I’m at a truly odd point of my PhD process.  That is: the in-between place.

Right now, I’m not quite a “Student” not quite a “Candidate”.  I’ve passed 2/3 of my exams, but I still have 1/3 to go before I can say that I’ve completed them and, thereby, moved into the next stage of my PhD.

Explaining this to folks who are outside of the academy has been an interesting process.  There are many terms and definitions that are commonplace to us denizens of the ivory tower but sound mostly the same to folks on the outside.  As such, I’ve found myself having the same conversation over and over again (which I don’t begrudge; it’s wonderful that

...bringing this one back because it's quite possibly my favorite pic I've ever posted on the blog.  I am, in fact, a Shakespeare Paladin.

…bringing this one back because it’s quite possibly my favorite pic I’ve ever posted on the blog. I am, in fact, a Shakespeare Paladin.

folks in my life care enough about me to ask questions about this process).  However, since I’ve found that it is a common communication issue, I also think it would be useful to have an easy-access reference guide for those less-than-familiar with this process.

So, in case you have a struggling Graduate Student in your life, here’s some good vocabulary for you to know:

A.B.D.: Stands for “All But Dissertation”.  This is a colloquial term that we use to refer to someone who has passed all of her degree requirements except writing the book.  It’s also a way to refer to someone who is a….

Doctoral Candidate: Someone who has passed all degree requirements except the dissertation (generally means that the dissertation is in process).  This is not to be confused with…

Doctoral Student: (Yes, this is a different thing, only in academia….)  A Doctoral Student is someone who is in progress with the early parts of the degree (coursework, exams, etc.).  Alternately, someone who has been accepted into a program but hasn’t started that program yet.  As an aside: mixing up these two terms can be… awkward.  You are either giving someone credit for work they did not already do and thereby devaluing that work, or taking away a hard-earned benchmark.  I have, over the years, been called by well-meaning onlookers a “Doctoral Candidate” and even “Dr. Rosvally” before needing to quickly correct this.  In an industry that functions almost exclusively on the importance of words, it is not considered supportive to devalue those words by using them outside of their accepted meanings.  In short: try to use the appropriate title for someone in the process of his PhD.  Don’t worry; you have the rest of his lives to call him “Dr.”.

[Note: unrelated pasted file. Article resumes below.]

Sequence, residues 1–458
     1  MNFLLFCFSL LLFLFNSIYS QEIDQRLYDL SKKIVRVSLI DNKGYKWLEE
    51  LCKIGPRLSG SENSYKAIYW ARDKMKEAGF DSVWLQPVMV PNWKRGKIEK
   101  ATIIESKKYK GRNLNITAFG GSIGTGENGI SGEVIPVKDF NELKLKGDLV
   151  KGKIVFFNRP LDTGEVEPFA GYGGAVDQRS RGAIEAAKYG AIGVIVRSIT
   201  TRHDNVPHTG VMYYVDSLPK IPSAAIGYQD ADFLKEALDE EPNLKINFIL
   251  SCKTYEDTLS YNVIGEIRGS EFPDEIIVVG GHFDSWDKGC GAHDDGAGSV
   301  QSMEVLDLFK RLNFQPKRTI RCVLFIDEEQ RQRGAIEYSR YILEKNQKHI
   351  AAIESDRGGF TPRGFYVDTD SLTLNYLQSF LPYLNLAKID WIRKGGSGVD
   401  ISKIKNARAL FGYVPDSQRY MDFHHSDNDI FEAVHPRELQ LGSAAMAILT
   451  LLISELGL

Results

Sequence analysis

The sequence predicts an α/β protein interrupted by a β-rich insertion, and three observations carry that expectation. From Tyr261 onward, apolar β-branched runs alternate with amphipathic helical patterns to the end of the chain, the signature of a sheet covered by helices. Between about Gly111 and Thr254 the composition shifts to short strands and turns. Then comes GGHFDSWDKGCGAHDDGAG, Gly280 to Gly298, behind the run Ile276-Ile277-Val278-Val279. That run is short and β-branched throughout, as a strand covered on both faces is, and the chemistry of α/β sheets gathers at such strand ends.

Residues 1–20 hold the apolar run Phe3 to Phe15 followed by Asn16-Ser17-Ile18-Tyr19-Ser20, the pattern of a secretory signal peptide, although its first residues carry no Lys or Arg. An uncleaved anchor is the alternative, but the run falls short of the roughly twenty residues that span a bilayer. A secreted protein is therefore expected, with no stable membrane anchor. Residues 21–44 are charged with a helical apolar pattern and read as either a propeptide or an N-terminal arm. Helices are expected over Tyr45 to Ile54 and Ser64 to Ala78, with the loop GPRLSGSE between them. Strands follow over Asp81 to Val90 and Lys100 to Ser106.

Comprehensive Exams: Or “Comps” (yes, if you’ve been following this blog at all over the last few months, you already know what this means).  The exhaustive, stressful exam generally administered at the end of coursework (sometimes administered in steps over the course of coursework) that proves a student is a competent generalist in her field and, thereby, is qualified to move on to the next step.

Orals: Sometimes, the comps include an oral examination as well as a written examination (this is the case in my department).

Dissertation: The large piece of writing you produce as one of the final steps in your PhD process.  This is an exhaustive, original piece of scholarship and (presumable) a PhD’s first long-term project.  It is sometimes colloquially shortened to “diss”.  It is not to be confused with a…

Thesis: This generally refers to the culminating project of a Master’s degree.  It is shorter than a dissertation and with less expectations of originality.  The big difference between a Master’s degree and a doctoral degree is that a Master’s degree shows that you have mastered a given field while a doctoral degree shows that you have added something to the field.  The capstone writing projects for each degree exhibit this difference; the thesis is based upon work that has already been done and the dissertation is something completely new.

Home Institution: The place where a scholar calls “home”.  This implies that the scholar is somehow in residence at the institution, either as a student, candidate, or professor.

 Committee: An assembled group of scholars (who, ideally, have some expertise in the field which the candidate is writing about) who evaluate the dissertation for its worthiness

alternately, you could find a partner to go dance in a bookstore with.  No word of a lie, this is a past time of mine.